I can also appreciate the tough spot the International Olympic Committee (IOC) is in. This news story really blew up in the second half of 2013; from a logistics perspective alone taking any action is an absolute nightmare. Moving the Olympics somewhere else is probably not realistic, so the option you are left with is cancellation. Sure, that does hit Russia pretty hard from an economic standpoint, and it sends a clear message. It also negatively affects a lot of innocent bystanders. Not the least of which are the athletes and their families. Just because you don’t support the war, doesn’t mean you shouldn’t support the troops.

I think the hardest part of this whole thing is deciding who the enemy is. I mean obviously it's Russia. Russia = total douchebag.  That said, where does that leave us? Who gets vilified? Who are we/should we be boycotting?


I’ve heard lots of people talk about the responsibility of the sponsors. From what I have read there seems to be a quiet consensus that boycotting sponsors is the best course of action. Again, that leads to questions of why? Let’s remember that the purpose of a boycott is to hold accountable those responsible and cause them to suffer consequences of their actions. Boycotting sponsors of NBC or the IOC does not accomplish that. Neither one of these entities enacted these laws in the first place. So if the purpose of this boycott is to cause harm or send a message to the people responsible, this course of action is not effective. I think you can support/watch the Olympics without supporting Russia. Even as I type that the other part of my brain is screaming SUPPORTING THE OLYMPICS IS SUPPORTING RUSSIA. Hence why I am having such a hard time with this.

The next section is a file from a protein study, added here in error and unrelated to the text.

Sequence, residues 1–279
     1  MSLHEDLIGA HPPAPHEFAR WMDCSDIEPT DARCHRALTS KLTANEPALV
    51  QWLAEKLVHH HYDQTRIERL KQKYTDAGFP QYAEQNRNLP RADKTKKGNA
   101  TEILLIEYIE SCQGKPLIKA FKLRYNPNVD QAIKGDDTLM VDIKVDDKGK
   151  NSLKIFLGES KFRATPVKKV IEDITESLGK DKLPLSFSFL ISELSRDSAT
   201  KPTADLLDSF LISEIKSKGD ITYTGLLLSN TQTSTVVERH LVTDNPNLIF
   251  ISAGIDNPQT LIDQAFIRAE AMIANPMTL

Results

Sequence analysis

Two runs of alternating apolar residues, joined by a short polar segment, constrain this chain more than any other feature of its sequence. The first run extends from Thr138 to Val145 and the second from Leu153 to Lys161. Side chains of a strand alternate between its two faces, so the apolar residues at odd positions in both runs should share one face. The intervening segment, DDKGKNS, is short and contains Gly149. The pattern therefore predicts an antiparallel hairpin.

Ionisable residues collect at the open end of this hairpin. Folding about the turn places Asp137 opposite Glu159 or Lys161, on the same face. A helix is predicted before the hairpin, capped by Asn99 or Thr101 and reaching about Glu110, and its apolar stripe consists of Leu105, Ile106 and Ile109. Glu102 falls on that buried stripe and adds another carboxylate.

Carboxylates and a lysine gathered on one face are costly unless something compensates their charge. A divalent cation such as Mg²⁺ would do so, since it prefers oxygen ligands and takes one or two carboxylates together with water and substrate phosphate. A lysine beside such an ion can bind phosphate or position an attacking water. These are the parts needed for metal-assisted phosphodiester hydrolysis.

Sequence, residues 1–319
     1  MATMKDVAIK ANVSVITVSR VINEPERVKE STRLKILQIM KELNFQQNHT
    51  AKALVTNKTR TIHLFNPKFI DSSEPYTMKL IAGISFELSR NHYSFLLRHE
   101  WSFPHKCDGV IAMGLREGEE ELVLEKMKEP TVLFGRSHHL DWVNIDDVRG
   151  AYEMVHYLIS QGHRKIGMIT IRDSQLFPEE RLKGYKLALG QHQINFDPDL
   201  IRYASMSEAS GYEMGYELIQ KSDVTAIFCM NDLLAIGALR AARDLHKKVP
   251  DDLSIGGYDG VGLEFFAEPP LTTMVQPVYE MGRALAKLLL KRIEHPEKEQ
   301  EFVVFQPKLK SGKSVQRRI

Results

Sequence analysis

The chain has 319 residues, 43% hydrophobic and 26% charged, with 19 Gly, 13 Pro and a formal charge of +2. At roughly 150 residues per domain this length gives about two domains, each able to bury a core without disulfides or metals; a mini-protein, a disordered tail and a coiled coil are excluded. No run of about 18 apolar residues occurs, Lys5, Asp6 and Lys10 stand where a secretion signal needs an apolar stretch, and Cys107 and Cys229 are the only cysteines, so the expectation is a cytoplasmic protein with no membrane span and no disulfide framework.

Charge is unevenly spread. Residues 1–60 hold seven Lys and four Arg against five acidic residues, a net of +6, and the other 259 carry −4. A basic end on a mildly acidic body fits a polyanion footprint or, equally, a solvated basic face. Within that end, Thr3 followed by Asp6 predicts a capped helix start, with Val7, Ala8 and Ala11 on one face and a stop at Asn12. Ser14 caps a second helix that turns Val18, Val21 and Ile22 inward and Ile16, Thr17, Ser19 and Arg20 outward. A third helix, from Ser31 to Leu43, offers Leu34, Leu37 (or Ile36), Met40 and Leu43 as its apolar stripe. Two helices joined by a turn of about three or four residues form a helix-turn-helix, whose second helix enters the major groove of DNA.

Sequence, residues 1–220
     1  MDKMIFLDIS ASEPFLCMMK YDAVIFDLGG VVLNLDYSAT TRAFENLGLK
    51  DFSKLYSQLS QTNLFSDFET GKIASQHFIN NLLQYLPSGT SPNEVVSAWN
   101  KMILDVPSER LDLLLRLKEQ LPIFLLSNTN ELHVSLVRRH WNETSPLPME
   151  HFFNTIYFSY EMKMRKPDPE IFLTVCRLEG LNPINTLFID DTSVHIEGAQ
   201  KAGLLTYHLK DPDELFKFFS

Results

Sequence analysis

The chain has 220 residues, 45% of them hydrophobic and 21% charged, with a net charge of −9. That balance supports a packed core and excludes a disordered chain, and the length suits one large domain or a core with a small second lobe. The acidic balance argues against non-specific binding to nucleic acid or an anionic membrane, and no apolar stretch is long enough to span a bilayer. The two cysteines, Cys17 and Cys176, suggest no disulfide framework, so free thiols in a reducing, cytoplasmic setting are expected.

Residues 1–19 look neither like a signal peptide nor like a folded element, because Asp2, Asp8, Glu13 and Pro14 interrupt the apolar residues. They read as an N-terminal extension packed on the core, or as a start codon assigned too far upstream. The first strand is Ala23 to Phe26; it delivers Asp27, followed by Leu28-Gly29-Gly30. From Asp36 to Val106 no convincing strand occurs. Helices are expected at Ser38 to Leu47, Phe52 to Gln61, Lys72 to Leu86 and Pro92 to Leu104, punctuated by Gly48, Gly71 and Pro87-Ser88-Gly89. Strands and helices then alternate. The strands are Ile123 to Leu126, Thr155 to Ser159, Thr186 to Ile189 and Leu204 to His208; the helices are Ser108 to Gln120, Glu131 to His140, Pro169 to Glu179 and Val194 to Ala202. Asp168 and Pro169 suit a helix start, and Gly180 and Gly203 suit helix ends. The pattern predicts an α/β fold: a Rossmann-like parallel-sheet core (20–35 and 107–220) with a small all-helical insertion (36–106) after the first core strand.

I’m conflicted. There is no easy answer or swift course of action that will solve the problem. I love the Olympics and will watch them. As I do, I will be proud of my President who has made his stance known and, along with other world leaders, will not be attending the opening ceremonies. As I watch I will take note of how NBC handles the dialogue they said they would start about what is taking place in Russia. I will watch because I want to be part of the dialogue, I want to have a place in the conversation. In this day and age, it’s easy to be lulled into a false sense of satisfaction with yourself that because you change your brand of soda this month or “like” a page of Facebook that you are an activist doing any sort of real good. Don’t fall into this trap. If you are not using this moment as a catalyst to create conversation, to spark education, and/or to research resources that fight injustices like these on the international level, then Russian law is not the only problem we face. Watch the Olympics or don’t watch. Boycott or don’t boycott. The decision is yours, but whatever the decision may be, please make it an educated one.



Read Related Posts...